Sean McDowell on Why He Thanks God for His Doubts

Note from Randy: I’m very excited that author and professor Sean McDowell will be speaking at my church for an apologetics conference, May 3-4! I believe it will be faith-impacting, so I’m inviting a number of teens I know, including my grandsons, who along with their parents have already signed up. (If you’re in the Portland, Oregon area, or can travel here, you can learn more and register for the Reasons to Believe Conference, hosted by Good Shepherd Community Church. The session titles are: True for You, but Not True for Me; Evidence for the New Testament; Evidence for the Resurrection; and If God, Why Evil?)

Evidence That Demands a VerdictSean’s father Josh McDowell had a big influence on me and countless others through his writing and speaking ministry. I will never forget reading through his classic book Evidence That Demands a Verdict and how I used it in youth ministry and pastoring our church (Josh and Sean have thoroughly revised and updated that work, which I highly recommend). For decades I passed out his More Than a Carpenter to unbelievers and young believers more than any other book, and others obviously did the same since it has sold over 15 million copies (Sean assisted his dad in revising that book as well).

Many years ago Josh and I became friends, seeing each other in various parts of the country and getting together for meals and conversation. I love Josh and I love Sean, and I also love how as father and son they have teamed up in such remarkable, eternity-impacting ways.

Listen to what Sean has to say in the following article about how God has used doubt in his life, for great good (including impacting tens of thousands of people through his books, writings, and podcasts!).

Why I Thank God for My Doubts: A Personal Reflection

It might sound crazy, but I can honestly say that I thank God for my doubts. It’s not that I always appreciate having doubts. Sometimes doubts can be a burden. But even so, I realize something deeper about the reason God has for my doubts. Let me explain.

I am a consistent doubter. I doubt almost everything including purchases, beliefs, and my daily choices. It is simply the way I am wired (and probably also the result of having a father who constantly challenged me to think). To be honest, sometimes the doubts can seem crushing.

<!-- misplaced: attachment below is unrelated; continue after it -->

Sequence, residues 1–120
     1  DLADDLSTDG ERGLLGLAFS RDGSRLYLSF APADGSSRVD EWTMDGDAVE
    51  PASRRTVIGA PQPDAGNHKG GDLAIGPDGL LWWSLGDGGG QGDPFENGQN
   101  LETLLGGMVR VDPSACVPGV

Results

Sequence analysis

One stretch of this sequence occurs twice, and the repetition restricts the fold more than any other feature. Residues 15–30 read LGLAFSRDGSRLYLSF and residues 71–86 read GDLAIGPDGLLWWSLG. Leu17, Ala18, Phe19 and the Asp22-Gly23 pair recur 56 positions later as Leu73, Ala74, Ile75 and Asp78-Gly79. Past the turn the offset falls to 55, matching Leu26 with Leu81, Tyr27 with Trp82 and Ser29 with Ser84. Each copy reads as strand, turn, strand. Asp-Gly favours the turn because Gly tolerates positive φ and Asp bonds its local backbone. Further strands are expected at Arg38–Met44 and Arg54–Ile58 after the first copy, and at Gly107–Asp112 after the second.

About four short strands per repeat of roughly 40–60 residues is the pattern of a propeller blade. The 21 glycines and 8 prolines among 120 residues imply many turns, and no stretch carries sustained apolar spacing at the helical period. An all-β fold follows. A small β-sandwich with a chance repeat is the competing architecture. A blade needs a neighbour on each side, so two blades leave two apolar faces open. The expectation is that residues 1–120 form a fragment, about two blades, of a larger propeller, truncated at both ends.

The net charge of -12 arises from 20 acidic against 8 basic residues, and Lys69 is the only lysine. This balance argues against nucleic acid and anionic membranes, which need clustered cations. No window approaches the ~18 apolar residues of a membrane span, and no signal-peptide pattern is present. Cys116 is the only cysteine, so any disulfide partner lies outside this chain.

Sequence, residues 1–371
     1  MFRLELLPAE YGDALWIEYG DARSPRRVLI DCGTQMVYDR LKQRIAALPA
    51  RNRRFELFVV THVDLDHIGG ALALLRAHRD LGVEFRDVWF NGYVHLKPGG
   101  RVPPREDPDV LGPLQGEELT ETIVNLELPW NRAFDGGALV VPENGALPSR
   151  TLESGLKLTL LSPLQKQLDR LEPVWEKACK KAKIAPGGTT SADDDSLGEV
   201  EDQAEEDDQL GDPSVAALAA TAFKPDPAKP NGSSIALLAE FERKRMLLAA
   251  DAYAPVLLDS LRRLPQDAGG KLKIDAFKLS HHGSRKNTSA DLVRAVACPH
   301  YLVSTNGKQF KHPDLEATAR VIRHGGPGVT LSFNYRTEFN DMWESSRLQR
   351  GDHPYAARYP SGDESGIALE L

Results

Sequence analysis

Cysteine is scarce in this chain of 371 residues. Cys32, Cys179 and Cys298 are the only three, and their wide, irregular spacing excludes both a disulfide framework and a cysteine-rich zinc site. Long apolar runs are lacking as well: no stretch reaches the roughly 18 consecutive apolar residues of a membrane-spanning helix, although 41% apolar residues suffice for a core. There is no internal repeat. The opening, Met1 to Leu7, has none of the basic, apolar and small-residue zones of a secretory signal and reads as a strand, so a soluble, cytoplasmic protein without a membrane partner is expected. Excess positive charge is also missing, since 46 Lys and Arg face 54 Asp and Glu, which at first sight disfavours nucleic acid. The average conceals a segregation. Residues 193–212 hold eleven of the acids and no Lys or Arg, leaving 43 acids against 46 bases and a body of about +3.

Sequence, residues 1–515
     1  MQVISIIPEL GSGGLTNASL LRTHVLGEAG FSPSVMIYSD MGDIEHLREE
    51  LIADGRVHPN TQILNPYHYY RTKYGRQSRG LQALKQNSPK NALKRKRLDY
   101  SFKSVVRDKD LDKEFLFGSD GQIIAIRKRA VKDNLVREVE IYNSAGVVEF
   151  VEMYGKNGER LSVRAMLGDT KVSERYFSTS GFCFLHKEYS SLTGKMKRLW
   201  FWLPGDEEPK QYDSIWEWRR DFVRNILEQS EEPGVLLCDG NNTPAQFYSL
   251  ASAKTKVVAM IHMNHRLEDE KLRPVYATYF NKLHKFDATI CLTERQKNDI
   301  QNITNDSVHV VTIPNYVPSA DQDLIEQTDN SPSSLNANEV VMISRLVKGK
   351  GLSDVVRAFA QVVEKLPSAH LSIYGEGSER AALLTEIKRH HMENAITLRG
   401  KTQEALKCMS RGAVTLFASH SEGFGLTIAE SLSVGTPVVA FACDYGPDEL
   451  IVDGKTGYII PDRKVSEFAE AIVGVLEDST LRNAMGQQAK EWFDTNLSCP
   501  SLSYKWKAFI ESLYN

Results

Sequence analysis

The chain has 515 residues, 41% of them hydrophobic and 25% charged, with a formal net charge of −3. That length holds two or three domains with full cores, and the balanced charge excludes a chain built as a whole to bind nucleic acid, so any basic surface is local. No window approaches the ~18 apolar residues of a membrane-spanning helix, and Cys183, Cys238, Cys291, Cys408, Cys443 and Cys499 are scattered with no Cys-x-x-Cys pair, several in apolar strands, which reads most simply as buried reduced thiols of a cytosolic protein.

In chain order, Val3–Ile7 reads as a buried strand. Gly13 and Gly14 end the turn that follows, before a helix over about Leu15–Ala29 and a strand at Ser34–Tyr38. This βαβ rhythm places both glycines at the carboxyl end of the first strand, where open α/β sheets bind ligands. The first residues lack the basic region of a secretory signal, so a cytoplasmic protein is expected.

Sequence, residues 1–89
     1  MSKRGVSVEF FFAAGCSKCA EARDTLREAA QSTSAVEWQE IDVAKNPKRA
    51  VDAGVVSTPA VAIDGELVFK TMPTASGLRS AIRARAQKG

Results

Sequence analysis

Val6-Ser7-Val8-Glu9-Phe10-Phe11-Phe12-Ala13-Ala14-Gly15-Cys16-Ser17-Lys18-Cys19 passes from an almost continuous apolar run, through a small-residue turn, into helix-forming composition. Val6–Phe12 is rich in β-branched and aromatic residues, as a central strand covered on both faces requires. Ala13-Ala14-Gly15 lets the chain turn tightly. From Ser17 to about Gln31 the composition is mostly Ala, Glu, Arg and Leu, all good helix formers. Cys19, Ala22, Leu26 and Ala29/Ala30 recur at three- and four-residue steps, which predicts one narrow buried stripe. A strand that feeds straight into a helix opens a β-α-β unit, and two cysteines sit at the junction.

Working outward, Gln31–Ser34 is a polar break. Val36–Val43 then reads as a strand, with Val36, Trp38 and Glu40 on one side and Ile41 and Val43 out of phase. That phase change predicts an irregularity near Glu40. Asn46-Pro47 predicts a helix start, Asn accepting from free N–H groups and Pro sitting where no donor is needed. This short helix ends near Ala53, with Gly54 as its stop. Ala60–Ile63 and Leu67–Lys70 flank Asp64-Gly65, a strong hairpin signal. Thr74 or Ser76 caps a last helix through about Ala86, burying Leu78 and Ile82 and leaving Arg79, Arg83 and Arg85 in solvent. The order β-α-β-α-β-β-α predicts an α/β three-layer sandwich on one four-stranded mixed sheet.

Why Thank God for Doubts?

The answer is simple: It’s doubts that drive me to seek truth. That’s right, doubts drive me to read, study, think, question, and constantly try to uncover what is true. It bothers me to not know something, and I tirelessly try to uncover truth about it.

Without my doubts, I doubt (yes, pun intended) that I would have written a 300+ page academic book on the Fate of the Apostles or helped my father update his classic book Evidence that Demands A Verdict, which is 700+ pages. I certainly am motivated to create resources that genuinely help people, but so much of my own drive comes from my personal doubts and skepticism. I want to be confident about what I believe.

A Personal Lament

A few years ago, I was lamenting that God didn’t give me more faith. I have a pastor friend who clearly has the gift of faith. He’s always optimistic about his family, faith, and church. No matter how dim things get, he’ll constantly say, “Don’t worry. God is in control. He’s got this.”

Yet, as much as I believe him, I still find myself thinking, “But how do you really know? What if God has other plans? Are you sure?” I just can’t help it. I question things. But why? Ultimately, I think there are two reasons.

The Benefit of Doubt

First, as I mentioned above, doubts motivate me to study, research, learn, and go deeper in my understanding. If I were not such a skeptic, I would probably never spend so much time trying to learn and educate other believers. If you have a weakness, have you ever considered how God may have a deeper purpose for it?

Second, and perhaps most important, my doubts drive me to rest in God’s grace rather than my own understanding. When doubts plague me, and I can’t resolve something in my mind, I am driven to God for His mercy. Jude 1:22 says to “have mercy on those who doubt.” And I often think of the powerful words spoken by the Apostle Paul, when he reflected on his own weakness: “My grace is sufficient for you, for my power is made perfect in weakness” (2 Cor. 12:9).

God uses our weaknesses to draw us into deeper relationship with Him and for greater personal sanctification. In fact, God seems to enjoy using our weaknesses and shortcomings, so that He gets the glory. These are life-changing truths for which I rarely doubt.

This article originally appeared on Sean’s blog, and is used with permission.

Photo: Unsplash

Sean McDowell is a professor of apologetics at Biola University, an internationally recognized speaker, and the author, co-author, or editor of over twenty books.